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Accessibility guidelines

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Form Elements

Label tag

  1. All form fields require a label tag
  2. The Label tag explicitly associates a form field with a label

Visible focus

  1. When the text field or text field receives keyboard focus or a user clicks into the field, visible focus must be present. Examples of how to implement include:
    1. When text fields receive focus, a vertical bar is displayed in the field, indicating that the user can insert text, OR all of the text is highlighted, indicating that the user can type over the text (if placeholder text exists)
    2. When the field receives focus, a visible border is displayed around it.

Required field

Required form fields can be indicated in a variety of ways, but the method used must be perceivable with different senses so can’t rely solely on a difference in color, size or position of those fields.  Keep in mind that visual and verbal instructions must be provided.

Ways to indicate a required text field:

  1. At the beginning of the form, clearly state that some form fields are required, and provide a key to how the required fields will be indicated
  2. Identify the required field with words or a symbol that can be programmatically associated with the field. This will usually mean the required field indication is contained within the label element.

How to visually indicate a required form field:

  • Using the word “Required”
  • Using an inline image (often a graphic star) with an appropriate alt attribute (e.g. “mandatory form field” or “required information”).
  • Using the keyboard star (asterisk) symbol

How to verbally indicate a required form field (this is not an exhaustive list):

  • Using the word “Required” as part of the <label for> tag
  • Using “required” as part of the HTML 5 code
  • Using aria-required=true

Required field Code Examples:

<label for=”email”>Email Address (required)</label>
<input type=”text” name=”email” id=”email”>
<label for=”email”>Email Address</label>
<input type=”text” name=”email” id=”email” required>
<label for=”email”>Email Address</label>
<input type=”text” name=”email” id=”email” aria-required=true“>

 

Input format

  • Help the user avoid input errors by informing them ahead of time about restrictions on the format of data that they must enter.
  • If input field requires a specific format (e.g. a phone number or date), verbal and visual instructions must be provided communicating the required format.
  • If there is a required character limitation on a text box, then that needs to be visually and verbally communicated. There must also be a verbal indication when the character count limitation has been reached.

Placeholder Text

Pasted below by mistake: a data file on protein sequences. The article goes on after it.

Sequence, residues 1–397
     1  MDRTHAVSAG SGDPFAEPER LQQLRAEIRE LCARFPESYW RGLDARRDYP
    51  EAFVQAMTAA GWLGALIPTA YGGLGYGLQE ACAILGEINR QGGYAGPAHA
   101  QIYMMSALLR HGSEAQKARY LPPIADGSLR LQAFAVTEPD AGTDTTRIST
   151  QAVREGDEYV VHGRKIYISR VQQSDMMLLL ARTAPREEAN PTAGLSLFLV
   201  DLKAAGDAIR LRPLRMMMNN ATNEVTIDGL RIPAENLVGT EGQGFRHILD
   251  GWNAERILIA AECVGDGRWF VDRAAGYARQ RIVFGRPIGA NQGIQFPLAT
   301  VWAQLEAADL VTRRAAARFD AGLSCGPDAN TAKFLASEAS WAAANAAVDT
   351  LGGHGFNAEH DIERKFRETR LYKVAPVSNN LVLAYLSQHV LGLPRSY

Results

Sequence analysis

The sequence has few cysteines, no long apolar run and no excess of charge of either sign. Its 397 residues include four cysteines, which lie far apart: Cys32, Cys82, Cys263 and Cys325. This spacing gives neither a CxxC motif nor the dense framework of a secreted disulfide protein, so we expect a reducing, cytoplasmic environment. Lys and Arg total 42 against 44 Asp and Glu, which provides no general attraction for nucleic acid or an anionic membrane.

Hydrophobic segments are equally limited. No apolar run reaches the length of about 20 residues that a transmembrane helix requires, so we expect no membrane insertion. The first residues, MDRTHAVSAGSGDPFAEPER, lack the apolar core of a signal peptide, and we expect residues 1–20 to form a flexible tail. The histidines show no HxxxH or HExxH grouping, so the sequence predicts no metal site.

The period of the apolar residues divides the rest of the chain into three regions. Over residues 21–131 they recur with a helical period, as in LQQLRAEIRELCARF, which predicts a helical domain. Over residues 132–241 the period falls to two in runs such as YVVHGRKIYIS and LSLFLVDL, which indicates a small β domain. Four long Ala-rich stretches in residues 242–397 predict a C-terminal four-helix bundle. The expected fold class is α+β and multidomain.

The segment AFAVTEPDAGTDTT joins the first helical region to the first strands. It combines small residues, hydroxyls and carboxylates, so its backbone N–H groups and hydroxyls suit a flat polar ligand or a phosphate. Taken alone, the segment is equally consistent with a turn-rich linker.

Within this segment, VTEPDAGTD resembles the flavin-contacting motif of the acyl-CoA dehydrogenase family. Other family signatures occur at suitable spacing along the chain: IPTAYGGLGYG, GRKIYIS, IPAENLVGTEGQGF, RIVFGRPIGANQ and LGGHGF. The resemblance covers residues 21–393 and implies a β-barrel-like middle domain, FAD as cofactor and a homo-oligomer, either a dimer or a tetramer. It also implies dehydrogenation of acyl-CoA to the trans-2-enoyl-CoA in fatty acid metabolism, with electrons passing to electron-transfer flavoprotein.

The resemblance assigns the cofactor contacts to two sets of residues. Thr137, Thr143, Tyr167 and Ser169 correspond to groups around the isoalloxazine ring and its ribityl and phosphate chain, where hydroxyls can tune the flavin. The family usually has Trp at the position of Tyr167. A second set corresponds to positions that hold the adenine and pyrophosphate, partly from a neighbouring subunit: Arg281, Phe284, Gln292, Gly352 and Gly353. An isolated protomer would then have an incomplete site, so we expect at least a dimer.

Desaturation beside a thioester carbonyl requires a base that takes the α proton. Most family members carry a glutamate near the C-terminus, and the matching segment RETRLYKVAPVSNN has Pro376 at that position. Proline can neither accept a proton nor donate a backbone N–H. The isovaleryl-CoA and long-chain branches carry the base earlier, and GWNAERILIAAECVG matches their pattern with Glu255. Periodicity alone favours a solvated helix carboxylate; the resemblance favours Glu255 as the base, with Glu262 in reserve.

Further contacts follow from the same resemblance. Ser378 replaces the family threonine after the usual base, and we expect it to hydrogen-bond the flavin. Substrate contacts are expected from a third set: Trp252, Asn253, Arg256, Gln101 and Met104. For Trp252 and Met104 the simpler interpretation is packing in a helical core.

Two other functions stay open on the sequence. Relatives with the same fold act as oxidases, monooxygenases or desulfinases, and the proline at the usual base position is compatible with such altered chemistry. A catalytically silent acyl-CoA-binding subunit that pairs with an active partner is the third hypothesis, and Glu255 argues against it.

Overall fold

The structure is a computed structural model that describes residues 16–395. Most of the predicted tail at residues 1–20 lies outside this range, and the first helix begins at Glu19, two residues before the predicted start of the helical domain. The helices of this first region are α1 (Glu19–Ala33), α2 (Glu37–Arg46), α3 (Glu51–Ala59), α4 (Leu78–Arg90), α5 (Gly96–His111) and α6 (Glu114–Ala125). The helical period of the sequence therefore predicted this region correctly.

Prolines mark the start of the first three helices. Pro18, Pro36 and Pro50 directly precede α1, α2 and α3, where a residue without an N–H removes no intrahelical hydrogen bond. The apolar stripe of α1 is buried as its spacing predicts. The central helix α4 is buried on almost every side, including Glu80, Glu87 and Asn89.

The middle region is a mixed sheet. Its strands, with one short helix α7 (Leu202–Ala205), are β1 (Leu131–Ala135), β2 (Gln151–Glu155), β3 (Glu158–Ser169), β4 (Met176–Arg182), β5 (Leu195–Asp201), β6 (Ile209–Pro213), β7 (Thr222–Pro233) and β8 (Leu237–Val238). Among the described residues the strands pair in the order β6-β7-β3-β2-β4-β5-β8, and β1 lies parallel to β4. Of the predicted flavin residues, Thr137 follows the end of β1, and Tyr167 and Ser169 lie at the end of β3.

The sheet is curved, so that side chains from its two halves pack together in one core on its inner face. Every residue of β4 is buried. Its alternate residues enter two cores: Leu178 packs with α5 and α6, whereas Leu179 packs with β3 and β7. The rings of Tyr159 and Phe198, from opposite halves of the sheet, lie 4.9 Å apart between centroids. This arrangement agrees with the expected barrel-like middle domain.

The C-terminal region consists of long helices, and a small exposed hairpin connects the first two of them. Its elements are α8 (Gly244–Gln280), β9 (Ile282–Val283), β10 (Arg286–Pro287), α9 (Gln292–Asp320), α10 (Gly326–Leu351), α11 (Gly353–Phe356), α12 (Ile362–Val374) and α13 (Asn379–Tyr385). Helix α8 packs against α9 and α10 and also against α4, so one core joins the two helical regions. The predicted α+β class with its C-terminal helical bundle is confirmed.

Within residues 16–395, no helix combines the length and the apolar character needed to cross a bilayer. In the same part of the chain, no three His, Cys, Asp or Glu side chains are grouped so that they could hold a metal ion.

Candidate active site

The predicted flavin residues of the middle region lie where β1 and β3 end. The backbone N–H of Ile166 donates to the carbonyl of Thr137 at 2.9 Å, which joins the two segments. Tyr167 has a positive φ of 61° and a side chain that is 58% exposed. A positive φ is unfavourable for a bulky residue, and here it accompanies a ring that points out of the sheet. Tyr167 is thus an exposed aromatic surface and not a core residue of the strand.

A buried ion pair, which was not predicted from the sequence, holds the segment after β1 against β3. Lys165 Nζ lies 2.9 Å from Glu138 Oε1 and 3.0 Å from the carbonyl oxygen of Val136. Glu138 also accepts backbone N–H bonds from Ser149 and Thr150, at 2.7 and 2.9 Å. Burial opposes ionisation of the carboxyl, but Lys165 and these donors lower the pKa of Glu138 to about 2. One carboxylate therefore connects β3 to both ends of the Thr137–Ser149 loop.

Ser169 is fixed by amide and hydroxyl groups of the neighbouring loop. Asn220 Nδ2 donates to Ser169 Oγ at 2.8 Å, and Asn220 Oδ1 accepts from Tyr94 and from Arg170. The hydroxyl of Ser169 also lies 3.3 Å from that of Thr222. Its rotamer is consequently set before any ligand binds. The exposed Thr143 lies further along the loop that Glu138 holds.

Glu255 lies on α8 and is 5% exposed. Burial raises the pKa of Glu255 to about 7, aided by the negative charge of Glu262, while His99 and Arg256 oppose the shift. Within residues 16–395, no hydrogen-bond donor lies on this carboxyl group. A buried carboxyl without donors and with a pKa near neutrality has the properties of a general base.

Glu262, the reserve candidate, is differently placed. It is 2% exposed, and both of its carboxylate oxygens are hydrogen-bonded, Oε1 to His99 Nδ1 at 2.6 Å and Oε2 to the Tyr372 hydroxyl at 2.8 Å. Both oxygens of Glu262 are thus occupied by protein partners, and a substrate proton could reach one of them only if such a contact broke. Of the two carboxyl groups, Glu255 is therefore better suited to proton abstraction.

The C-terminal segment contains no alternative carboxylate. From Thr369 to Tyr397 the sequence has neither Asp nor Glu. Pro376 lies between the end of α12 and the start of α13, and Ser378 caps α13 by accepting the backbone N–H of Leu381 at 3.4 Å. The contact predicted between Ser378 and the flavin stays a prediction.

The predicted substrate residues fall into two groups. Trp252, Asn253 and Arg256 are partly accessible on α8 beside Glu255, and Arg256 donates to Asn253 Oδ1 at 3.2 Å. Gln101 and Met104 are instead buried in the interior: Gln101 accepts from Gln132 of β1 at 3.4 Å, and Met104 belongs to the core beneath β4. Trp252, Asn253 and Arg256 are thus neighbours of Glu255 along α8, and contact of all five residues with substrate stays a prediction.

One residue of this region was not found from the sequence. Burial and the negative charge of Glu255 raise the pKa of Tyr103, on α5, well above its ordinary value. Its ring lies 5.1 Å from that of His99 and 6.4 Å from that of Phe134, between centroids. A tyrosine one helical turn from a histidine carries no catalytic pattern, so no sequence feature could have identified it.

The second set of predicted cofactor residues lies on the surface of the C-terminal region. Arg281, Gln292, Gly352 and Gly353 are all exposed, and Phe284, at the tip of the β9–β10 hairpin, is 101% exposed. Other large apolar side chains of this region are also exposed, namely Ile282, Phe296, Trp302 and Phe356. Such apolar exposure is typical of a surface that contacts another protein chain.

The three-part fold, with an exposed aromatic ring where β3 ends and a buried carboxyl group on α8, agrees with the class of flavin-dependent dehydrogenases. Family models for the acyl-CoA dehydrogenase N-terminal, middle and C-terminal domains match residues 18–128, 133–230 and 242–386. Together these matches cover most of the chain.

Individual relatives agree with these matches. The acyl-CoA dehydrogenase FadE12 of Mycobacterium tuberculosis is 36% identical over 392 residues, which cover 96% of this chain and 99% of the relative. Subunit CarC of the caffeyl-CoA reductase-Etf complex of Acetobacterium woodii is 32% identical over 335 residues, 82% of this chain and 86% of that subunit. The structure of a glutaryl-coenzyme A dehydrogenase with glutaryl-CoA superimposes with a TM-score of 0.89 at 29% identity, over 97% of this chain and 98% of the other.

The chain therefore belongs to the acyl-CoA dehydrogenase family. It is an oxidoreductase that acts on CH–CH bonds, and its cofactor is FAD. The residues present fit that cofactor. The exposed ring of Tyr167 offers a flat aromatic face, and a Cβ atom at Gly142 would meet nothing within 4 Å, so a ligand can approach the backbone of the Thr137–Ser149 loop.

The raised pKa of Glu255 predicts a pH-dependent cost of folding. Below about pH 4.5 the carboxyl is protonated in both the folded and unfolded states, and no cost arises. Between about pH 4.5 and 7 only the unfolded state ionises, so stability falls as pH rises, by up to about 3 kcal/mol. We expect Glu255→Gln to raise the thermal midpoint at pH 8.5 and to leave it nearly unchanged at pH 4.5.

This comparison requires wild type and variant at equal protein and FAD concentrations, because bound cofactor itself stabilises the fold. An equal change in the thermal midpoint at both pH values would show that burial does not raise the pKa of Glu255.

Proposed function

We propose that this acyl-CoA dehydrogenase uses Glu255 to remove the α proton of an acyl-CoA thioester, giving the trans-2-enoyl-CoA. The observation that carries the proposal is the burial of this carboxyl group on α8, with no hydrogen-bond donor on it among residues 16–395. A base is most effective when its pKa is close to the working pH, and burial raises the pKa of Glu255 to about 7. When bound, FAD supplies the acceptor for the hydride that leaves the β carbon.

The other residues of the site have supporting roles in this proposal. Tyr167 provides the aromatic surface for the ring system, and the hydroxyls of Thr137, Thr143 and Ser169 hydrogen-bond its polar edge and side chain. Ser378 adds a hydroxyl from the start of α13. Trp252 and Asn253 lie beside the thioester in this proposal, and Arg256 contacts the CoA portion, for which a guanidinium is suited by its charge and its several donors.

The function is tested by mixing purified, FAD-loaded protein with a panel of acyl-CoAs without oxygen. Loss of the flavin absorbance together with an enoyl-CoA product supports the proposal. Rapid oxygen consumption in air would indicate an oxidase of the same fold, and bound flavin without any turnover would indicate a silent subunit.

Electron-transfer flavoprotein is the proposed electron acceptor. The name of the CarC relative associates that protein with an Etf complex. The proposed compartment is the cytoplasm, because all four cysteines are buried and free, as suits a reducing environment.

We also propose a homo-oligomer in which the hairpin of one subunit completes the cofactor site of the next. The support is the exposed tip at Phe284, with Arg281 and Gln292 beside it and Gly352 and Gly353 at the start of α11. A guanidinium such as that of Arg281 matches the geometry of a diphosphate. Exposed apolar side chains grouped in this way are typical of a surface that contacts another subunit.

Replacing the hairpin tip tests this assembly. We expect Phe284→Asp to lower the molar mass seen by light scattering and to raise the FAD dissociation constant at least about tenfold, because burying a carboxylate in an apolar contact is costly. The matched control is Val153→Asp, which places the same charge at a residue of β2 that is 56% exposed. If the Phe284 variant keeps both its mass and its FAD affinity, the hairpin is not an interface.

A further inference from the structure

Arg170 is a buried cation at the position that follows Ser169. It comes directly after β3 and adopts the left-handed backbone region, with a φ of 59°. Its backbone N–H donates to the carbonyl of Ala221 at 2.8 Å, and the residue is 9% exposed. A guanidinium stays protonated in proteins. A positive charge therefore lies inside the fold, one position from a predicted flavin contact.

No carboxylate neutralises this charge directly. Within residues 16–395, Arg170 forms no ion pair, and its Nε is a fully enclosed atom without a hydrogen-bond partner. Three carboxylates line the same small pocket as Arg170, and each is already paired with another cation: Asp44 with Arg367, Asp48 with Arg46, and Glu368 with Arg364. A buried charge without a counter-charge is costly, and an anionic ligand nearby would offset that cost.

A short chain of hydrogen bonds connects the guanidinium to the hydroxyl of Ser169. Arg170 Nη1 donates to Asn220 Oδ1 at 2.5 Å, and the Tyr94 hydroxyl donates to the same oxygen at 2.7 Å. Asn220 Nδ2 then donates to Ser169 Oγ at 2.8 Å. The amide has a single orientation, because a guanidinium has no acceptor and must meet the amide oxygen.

• Placeholder text cannot be used a replacement for a form input label.
  • The placeholder should be used like a title attribute (tooltip); and only provide supplementary information. Please refer to these articles to understand why placeholder text alone w/o a visible label presents an accessibility challenge:

Error handling:

  • Form error messages should identify fields with errors and the nature of the error.
  • Error messages must be presented in a format that is detectable by a screen reader.
  • Color cannot be the only method used to identify the erroneous field (e.g. you cannot simply highlight the input field in red to indicate an error)

 

Other considerations:

  • When focus lands on the text field or text box, there should be no change of context.
  • When a user types content in the field or tabs out of the text field, this should not trigger a change of context. https://www.wuhcag.com/on-input/

 

WCAG Specific Success Criterion to Consider:

  1. 3.2 Labels or Instructions: Labels or instructions are provided when content requires user input. (Level A) – http://www.w3.org/TR/UNDERSTANDING-WCAG20/minimize-error-cues.html
  2. 3.1 Error Identification: If an input error is automatically detected, the item that is in error is identified and the error is described to the user in text. (Level A) – http://www.w3.org/TR/UNDERSTANDING-WCAG20/minimize-error-identified.html
  3. 4.1 Use of Color: Color is not used as the only visual means of conveying information, indicating an action, prompting a response, or distinguishing a visual element. (Level A) – http://www.w3.org/TR/UNDERSTANDING-WCAG20/visual-audio-contrast-without-color.html
  4. 1.2 Name, Role, Value: For all user interface components (including but not limited to: form elements, links and components generated by scripts), the name and role can be programmatically determined; states, properties, and values that can be set by the user can be programmatically set; and notification of changes to these items is available to user agents, including assistive technologies. (Level A) – http://www.w3.org/TR/UNDERSTANDING-WCAG20/ensure-compat-rsv.html
  5. 2.1 On Focus: When any component receives focus, it does not initiate a change of context. (Level A) – http://www.w3.org/TR/UNDERSTANDING-WCAG20/consistent-behavior-receive-focus.html
  6. 2.2 On Input: Changing the setting of any user interface component does not automatically cause a change of context unless the user has been advised of the behavior before using the component. (Level A) http://www.w3.org/TR/UNDERSTANDING-WCAG20/consistent-behavior-unpredictable-change.html
  7. 2.4.7 Focus Visible: Any keyboard operable user interface has a mode of operation where the keyboard focus indicator is visible. (Level AA) – http://www.w3.org/TR/UNDERSTANDING-WCAG20/navigation-mechanisms-focus-visible.html